Fernando Llort's artistic practice was formed off themes of identity that often coincided with idealist, spiritual beliefs.[7]

During his time in La Palma, Chalatenango he would spend a decade (1972-1979) cultivating and building the local art community by offering workshops of woodworking and painting to the local campesino. Llort founded his first cooperative workshop in La Palma where he taught the local townspeople artisanal craftsmanship, like painting and woodworking. Llort named the workshop La Semillia de Dios (The Seed of God) in relation to where it all started.[7]

Near the end of the 1970s, La Palma was known as the center of folk art in El Salvador.[7] In 1981, Llort travelled back to San Salvador, El Salvador to open the Fernando Llort Gallery of Art and Handicrafts named El Arbol De Dios.[5]

In contemporary terms, most would categorize Estilo Palmeño, the term coined by Fernando Llort for his art, as Naif/Naive art[3] as it did not take much technical skill to execute, but was focused more on the content and narrative of the image produced. Fernando Llort's reason for art making was not a critique on the political climate or the social oppression of the war El Salvador was facing, but to strengthen the Salvadorean identity using landscapes, indigenous symbols and capturing the daily life of the people.[7]

Fernando Llort's use of identity was a homage to the natural landscapes of El Salvador. He would use groupings of houses or hills as symbolism for community.[3] Working with simple shapes, fully saturated colours, and dark outlines, Estilo Palmeño is a mix of abstract, geometric and linear shapes.[5] The reoccurring religious symbols of doves, suns, and a mosaic like structure to each craft was intentional to contrast the difficult times the civil war caused.[5] Llort's goal was "to reconnect my roots as a Latin American, and help define our people in their human and spiritual dimensions"[7] Today, La Palma is renowned for its native artists and handicraft artisans. Fernando Llort and the other artists from San Salvador are recognized as founders of the town's artisanal movement, which provides an opportunity for campesinos to learn about art, and helps them find sources of income other than field work.[9] Llort himself launched the project to establish the Center for Comprehensive Development (Spanish: Centro de Desarrollo Integral)[5] and taught art classes. Once the civil war began, however, he left La Palma in 1980 and moved back to San Salvador, but still maintained his connections with the mountain people.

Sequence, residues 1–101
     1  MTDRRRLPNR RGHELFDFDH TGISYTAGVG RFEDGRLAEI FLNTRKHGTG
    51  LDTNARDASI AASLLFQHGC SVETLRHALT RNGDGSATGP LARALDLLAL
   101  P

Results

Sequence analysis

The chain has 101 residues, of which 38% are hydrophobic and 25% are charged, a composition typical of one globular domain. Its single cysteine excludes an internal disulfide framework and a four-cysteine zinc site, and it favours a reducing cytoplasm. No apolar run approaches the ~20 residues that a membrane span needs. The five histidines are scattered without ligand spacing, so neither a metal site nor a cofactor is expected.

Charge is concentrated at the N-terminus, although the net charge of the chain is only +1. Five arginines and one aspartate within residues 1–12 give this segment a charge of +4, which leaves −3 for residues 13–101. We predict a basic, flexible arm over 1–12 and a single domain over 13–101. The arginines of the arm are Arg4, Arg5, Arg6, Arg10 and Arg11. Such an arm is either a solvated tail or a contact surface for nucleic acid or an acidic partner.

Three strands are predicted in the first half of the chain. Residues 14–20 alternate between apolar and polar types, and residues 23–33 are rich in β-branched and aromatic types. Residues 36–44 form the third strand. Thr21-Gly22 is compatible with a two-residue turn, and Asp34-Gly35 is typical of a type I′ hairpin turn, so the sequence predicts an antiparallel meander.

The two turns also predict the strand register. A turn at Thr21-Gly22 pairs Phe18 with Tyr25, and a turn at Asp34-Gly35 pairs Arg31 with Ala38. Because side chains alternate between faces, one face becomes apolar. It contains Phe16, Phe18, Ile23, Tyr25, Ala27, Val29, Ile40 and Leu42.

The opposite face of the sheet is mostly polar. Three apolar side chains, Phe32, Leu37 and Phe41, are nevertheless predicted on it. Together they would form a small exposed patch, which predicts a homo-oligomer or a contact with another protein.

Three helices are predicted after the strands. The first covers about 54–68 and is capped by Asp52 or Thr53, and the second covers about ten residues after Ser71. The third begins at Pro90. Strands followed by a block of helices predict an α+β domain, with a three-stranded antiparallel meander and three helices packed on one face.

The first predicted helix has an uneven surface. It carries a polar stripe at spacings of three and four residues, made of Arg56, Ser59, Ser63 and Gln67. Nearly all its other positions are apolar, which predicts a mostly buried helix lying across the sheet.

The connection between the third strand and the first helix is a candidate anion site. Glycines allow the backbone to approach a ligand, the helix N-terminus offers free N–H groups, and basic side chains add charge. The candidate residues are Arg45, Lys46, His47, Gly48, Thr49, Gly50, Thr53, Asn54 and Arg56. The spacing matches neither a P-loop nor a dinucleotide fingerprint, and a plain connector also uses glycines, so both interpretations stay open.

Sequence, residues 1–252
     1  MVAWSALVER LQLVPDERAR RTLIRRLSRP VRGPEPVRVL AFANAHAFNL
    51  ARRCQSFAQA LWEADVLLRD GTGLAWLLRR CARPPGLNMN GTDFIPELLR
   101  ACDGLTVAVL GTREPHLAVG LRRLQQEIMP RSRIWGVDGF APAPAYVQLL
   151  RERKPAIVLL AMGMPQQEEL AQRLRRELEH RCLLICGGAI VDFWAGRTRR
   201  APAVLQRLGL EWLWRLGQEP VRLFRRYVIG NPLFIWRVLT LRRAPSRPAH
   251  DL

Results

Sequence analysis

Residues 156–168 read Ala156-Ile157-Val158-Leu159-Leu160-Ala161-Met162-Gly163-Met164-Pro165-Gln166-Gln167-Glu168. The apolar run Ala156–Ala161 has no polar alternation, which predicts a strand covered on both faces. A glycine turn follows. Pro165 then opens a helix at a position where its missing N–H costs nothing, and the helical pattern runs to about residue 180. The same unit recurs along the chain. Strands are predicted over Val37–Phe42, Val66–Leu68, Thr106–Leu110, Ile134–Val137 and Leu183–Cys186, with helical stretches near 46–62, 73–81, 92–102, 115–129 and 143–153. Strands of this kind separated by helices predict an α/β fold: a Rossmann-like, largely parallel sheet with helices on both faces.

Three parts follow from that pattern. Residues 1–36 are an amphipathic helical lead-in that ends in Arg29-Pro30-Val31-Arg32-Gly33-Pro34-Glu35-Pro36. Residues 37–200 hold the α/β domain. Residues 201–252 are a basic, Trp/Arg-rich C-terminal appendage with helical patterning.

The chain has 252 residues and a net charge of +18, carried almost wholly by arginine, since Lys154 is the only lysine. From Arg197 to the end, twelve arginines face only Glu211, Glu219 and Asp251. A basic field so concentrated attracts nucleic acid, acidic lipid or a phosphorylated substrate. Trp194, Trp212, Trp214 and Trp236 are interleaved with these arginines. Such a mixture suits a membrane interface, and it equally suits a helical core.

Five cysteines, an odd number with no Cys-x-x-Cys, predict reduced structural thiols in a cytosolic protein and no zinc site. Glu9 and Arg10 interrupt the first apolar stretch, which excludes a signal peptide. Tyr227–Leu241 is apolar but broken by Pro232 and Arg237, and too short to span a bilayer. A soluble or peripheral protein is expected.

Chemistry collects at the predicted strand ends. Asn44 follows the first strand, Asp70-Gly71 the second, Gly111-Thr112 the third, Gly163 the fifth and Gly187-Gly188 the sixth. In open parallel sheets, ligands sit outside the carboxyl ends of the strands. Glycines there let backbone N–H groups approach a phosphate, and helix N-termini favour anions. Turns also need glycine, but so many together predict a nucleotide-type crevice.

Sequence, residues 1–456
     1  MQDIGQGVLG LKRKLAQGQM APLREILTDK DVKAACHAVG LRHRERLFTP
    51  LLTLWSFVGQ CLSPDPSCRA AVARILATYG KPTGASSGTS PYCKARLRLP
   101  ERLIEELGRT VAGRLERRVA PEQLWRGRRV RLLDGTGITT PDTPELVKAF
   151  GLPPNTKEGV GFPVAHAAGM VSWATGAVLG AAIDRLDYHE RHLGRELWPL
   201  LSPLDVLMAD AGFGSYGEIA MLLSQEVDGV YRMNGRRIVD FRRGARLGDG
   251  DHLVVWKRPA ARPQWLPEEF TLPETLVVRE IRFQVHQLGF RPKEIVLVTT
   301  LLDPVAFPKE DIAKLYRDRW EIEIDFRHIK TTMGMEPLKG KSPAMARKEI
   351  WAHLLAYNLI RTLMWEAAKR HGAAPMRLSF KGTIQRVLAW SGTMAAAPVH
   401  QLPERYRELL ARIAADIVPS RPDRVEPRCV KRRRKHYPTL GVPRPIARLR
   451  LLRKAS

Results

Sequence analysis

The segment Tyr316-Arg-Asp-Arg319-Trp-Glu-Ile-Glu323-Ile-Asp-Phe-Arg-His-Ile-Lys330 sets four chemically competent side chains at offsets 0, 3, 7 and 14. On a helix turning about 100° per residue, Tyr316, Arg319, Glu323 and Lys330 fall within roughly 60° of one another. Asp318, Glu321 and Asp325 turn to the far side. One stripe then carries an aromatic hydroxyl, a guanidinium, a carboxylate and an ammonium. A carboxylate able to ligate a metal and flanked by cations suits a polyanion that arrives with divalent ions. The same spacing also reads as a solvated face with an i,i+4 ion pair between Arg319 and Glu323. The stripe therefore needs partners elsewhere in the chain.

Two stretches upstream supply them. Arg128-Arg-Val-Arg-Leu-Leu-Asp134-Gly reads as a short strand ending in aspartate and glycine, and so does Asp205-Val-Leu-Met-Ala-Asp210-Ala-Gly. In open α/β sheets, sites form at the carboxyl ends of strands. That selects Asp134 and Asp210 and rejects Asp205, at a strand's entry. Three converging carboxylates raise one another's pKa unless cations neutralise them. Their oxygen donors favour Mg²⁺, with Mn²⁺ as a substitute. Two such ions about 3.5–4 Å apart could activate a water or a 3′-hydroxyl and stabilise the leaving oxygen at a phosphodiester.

His work could also formerly be seen in the tiled ceramic mural he created for the facade of San Salvador's Metropolitan Cathedral in 1997.[5] In late December 2012, Archbishop José Luis Escobar Alas ordered its removal without consulting the national government or the artist, and workers chipped off and destroyed all the 2,700 tiles of the mural.[10]


  1. ^ "Fernando Llort - the Artist". fernando-llort.com.
  2. ^ a b Buckman, Robert T. (2012). Latin America 2012. Rowman & Littlefield. p. 189. ISBN 978-1-61048-887-7. Retrieved 3 February 2013.
  3. ^ a b c d e Gallardo Lopez, Delia Margarita; Sanchez Alvarenga, Abigail (15 July 2015). Estudio descriptivo del proceso de posicionamiento de Fernando Llort y su transición de marca (PDF) (Thesis) (in Spanish). José Matías Delgado University. pp. 74–85.
  4. ^ a b c d Llort, Fernando (6 February 2017). "Back to the beginning..." fernando-llort.com. Retrieved 5 March 2022.
  5. ^ a b c d e f g h Palomo, Jorge (2006). Realidades Y Expresiones: Tendencias en la pintura Salvadoreña, 1970-1995. Museo de Arte de El Salvador. p. 73. ISBN 9789992384749. Retrieved 4 March 2022 – via Issuu.
  6. ^ "Fallece Fernando Llort, reconocido pintor y artista salvadoreño". Solo Noticias (in Spanish). 11 August 2018. Retrieved 11 August 2018.
  7. ^ a b c d e f g h i j k l m Finger, Thomas (2013). "The Art of Fernando Llort". Diálogo. 16 (1): 98–112. doi:10.1353/dlg.2013.0018. ISSN 2471-1039. S2CID 148412030.
  8. ^ Orellana, Liset (6 January 2012). "La historia del mural que adornó Catedral". El Mundo (in Spanish). Archived from the original on 1 May 2012. Retrieved 4 February 2013.
  9. ^ Greg Nickles (2002). El Salvador: The People and Culture. Crabtree Publishing Company. p. 21. ISBN 978-0-7787-9368-7. Retrieved 3 February 2013.
  10. ^ Heidenry, Rachel (6 January 2012). "Archbishop Orders Destruction of Salvadoran Mural". Pulitzer Center on Crisis Reporting. Archived from the original on 4 March 2016. Retrieved 3 February 2013.

External links

  • Official Website
  • Article on Fernando Llort by Tiana Romero
  • Biography of Llort from Ella House Fine Art Gallery
  • Page about Fernando Llort
Retrieved from "https://en.wikipedia.org/w/index.php?title=Fernando_Llort&oldid=1138030099"